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Discount Motilium, Hey trendwatchers. In today's podcast, 200mg Motilium, 750mg Motilium, Cathi Bond talks about a gorgeous - and tiny - portable home by Leaf House, and a fellow named Laird Herbert, 20mg Motilium. Motilium canada, Small houses are picking up as a trend; could you see yourself living in one. (Via Jetson Green)

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4 responses to “Discount Motilium

  1. I like the idea of a tiny home, for which I imagine I'd get a folding bicycle, an inflatable rowboat and a little metal box marked "portable electronics".

    Yet for a fraction of this $ 44,500, I am fairly certain I can find a less elegant but equally useful manufactured home with a bit more space,say 700 sq. ft. I love the idea of a home out in the Yukon, too, but it does beg the question a bit–isn't the most portable solution a small one-bedroom apartment on a short-term lease? It lacks the "I can't say what" appeal of the tiny home, I suppose.

    I am fine with barter making a come-back (particularly if people pay their taxes), but I'd rather see those AM radio shows in which one phones in to buy or sell used items. Though craigslist and eBay have supplanted those shows, there's something to be said for hearing a rural voice say "I've got a used boat, with both oars, and a trailer only the tire is flat, and I'll sell it for 100 dollars" on the air. Reality radio, indeed.

  2. Hi Gurdonark! Yes, I think this home was made by one guy, but I'm pretty sure you could get a prefab one for less.

    I don't remember those radio shows, but I bet Cathi does from her rural childhood.

  3. Hi Gurdy Guy or Gurdy Gal. I, as Nora is so fond of saying, am of several minds about this tiny house movement:

    a) I think it's part of the growing Preppers movement which is really gathering steam in the States and up in Canada too. Remember how the hippies wanted to get back to the land and their get souls free? Well the Preppers think the end of the world as we know it is coming and they want to be prepared for the Mad Max holocaust. What better than a tiny sustainable house? I would look a gyrocopter.

    b) The house we talked about is an example of one of those fabulously beautiful small, near fetish objects that all the people with money to burn want. (Ironically these are the same folks the other Tiny House people blame in part for the end of the world.) Can't you see a Land Rover with the tiny perfect cottage attached, pulling up to their friends cottage, just so they can park it and show off their mini home? bleh…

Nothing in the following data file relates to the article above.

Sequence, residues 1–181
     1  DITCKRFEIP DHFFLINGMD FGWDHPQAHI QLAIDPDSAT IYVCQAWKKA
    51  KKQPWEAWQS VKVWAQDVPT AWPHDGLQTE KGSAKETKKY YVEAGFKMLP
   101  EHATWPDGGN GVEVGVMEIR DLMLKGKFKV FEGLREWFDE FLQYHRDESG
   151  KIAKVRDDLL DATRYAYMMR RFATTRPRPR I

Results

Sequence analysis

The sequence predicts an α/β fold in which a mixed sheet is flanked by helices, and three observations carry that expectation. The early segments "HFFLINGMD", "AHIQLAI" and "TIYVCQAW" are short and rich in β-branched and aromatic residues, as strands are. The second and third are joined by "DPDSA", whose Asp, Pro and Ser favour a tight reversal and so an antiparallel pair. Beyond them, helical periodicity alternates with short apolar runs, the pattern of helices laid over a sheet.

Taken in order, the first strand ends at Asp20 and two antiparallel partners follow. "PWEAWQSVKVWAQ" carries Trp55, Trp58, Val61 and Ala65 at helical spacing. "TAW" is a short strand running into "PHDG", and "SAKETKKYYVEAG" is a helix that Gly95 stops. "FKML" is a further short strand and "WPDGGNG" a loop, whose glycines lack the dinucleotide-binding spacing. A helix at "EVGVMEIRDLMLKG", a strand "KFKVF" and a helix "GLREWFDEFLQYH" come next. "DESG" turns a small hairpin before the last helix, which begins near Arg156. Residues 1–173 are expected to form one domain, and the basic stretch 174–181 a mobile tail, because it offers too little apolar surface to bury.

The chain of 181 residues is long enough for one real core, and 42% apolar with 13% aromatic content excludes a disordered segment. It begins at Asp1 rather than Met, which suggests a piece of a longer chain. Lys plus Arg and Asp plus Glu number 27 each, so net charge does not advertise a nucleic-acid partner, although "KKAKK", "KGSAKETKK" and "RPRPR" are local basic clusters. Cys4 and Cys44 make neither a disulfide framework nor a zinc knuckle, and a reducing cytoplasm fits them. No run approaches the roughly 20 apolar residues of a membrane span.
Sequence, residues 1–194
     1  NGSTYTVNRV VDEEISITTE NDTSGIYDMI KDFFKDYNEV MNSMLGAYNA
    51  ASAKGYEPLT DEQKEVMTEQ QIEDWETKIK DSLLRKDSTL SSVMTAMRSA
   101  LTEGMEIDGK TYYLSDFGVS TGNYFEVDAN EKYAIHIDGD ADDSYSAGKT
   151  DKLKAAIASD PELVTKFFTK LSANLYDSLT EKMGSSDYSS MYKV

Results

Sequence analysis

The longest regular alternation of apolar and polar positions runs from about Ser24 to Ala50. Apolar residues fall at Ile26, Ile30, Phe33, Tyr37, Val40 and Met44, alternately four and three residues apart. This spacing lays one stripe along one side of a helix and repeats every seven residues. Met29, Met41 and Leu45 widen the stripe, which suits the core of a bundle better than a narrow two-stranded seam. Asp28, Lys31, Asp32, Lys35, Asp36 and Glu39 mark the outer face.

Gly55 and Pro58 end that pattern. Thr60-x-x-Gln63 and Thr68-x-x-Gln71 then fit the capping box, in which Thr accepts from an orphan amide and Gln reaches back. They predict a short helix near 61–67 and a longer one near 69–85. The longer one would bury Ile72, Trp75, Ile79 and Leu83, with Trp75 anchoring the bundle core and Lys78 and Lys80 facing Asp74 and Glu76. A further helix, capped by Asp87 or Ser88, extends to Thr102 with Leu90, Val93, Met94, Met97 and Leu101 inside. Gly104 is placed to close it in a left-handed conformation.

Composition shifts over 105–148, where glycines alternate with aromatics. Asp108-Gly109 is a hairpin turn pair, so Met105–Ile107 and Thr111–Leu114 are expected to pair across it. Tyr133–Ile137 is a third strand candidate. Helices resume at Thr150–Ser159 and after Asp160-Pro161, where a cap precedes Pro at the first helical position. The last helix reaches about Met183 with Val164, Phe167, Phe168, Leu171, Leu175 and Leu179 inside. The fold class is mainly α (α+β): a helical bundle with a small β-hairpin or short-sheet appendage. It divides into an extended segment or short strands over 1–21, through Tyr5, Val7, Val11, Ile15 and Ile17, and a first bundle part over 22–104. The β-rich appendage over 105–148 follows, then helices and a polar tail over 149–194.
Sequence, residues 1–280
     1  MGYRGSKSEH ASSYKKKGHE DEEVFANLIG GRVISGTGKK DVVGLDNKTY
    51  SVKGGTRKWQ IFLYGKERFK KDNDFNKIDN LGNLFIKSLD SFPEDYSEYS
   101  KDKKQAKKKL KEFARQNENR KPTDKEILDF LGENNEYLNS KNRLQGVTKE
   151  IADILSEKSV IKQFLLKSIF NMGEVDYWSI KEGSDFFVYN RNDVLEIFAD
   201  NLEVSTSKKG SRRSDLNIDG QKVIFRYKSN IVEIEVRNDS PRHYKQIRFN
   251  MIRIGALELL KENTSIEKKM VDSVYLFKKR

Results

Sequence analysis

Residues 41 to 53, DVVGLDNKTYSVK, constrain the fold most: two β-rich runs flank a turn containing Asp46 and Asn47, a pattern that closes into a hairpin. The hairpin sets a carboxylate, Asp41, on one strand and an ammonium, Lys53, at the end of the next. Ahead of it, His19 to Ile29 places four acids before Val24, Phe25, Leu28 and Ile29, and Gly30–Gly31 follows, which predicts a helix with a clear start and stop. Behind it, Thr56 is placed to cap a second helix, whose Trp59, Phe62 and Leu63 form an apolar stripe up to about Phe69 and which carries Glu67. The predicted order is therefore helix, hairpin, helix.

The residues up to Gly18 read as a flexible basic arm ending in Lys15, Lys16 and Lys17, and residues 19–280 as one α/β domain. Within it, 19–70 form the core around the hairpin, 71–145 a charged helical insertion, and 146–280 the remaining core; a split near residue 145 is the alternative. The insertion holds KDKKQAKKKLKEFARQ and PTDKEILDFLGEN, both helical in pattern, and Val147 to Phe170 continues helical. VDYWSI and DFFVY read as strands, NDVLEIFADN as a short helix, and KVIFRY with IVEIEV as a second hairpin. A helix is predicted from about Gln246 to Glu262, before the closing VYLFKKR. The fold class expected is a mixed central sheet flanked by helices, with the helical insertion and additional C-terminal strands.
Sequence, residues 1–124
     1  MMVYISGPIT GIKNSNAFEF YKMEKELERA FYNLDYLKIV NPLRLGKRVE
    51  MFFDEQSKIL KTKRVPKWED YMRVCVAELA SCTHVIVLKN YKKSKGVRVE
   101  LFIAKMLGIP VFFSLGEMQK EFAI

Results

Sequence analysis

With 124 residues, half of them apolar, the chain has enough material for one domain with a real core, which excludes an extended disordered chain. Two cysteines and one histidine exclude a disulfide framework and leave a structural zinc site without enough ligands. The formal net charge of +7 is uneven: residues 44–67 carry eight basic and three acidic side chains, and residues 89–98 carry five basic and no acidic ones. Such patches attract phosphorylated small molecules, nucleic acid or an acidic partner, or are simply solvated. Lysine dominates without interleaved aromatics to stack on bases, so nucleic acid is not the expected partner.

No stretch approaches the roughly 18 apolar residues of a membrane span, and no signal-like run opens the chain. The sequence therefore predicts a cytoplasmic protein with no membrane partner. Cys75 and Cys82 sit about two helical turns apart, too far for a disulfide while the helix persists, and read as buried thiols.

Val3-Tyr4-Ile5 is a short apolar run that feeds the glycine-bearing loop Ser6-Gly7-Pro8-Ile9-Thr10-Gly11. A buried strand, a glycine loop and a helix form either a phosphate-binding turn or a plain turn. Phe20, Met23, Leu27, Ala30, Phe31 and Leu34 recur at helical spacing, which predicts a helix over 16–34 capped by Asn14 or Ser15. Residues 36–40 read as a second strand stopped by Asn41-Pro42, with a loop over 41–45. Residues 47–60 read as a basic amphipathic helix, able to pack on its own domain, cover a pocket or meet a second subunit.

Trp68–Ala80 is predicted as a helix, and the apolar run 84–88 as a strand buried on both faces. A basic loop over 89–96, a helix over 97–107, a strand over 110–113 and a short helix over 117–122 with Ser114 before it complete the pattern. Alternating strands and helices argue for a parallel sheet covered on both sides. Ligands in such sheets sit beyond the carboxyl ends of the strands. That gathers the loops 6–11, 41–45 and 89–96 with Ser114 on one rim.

c) I truly do think that we're going to see more and more of this kind of architecture as we infill build in the cities. Especially in alleys and larger lots. There is only so much space and if you could only get a sliver of land and one of these you might be able to live small in the great big city.

    Nora, contrary to popular opinion miss smarty pants, I did not sit in the parlour and listen to The Shadow every Sunday night whilst doing needle point and drinking Ovaltine. 🙂

    But I will say that you haven't lived until you've been to a live country auction. Those dudes could give anyone a run for their money in the pipes department. G, I missed those too, but I still listen to AM radio sometime in the car for the hokey ads that I never realized were so great until they were gone. And I'll take that boat, oars and flat tire. Where do I send the money?


  4. I do love the look of those tiny homes, but I do wonder if they are progress or tend. If it is merely a manifestation of "prepper" culture, then it's a bit diminished for me. I do think, though, that there is ample scope for

    design that encourages us all to live a bit smaller.

    I was hunting for a rural radio show with a "swap shop" show in your fair country and thought I would have to settle instead for the Punjabi language one in Edmonton, when I found that you guys are sufficiently advanced to have a televised "swap shop"! Yes, Toronto has the ability to share one's gear over the televised ether:

    Radio "swap shop" yard sale type shows were quite a staple of small town radio, once upon a time–up through, say the late 1970s. I remember calling one in, roughly, 1972. I sought used aquariums, and, rather like the internet,

    I soon had just what I was seeking, two with gear for five dollars at a time when two might have cost 5 or 7 times that.

    It's funny how inexpensively made programs once ruled the air as they do now, but were far less annoying then. Our local Arkansas radio station had a show called "Dialing for Dollars" throughout my boyhood in the 60s and 70s. It was chat, light news and weather, interrupted by a lottery-style drawing of a ping pong ball from one of those circular cages. The chosen

    viewer would have a fixed time period to call in. The stakes reset each time someone failed to call, but never cracked four digits. Somehow the entire thing was soothing rather than crass, and I wonder why. The BBC shows like Bargain Hunt ( the one in which one spends small pounds at estate sales and then auctions them off at auction) still have that spirit, but our abundant stateside reality equivalents largely do not. I think the secret is a slow pace and very low stakes.

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